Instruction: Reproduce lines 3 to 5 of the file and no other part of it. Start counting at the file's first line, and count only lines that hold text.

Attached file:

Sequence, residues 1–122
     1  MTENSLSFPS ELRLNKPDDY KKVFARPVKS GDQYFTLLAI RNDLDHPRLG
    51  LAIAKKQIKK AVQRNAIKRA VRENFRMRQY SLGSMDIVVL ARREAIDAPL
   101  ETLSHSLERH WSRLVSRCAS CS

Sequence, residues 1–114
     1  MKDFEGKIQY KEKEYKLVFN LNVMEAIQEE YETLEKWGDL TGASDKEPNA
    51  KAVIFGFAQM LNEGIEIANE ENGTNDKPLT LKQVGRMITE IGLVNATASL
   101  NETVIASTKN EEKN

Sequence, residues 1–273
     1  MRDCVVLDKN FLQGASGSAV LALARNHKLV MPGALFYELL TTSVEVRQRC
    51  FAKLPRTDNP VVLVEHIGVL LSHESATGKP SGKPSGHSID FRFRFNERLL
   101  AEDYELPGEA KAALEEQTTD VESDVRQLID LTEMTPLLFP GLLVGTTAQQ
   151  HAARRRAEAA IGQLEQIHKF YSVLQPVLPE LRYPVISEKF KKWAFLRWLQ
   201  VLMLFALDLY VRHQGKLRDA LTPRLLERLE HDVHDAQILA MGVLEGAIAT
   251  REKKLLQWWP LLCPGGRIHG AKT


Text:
    51  LAIAKKQIKK AVQRNAIKRA VRENFRMRQY SLGSMDIVVL ARREAIDAPL
   101  ETLSHSLERH WSRLVSRCAS CS

Sequence, residues 1–114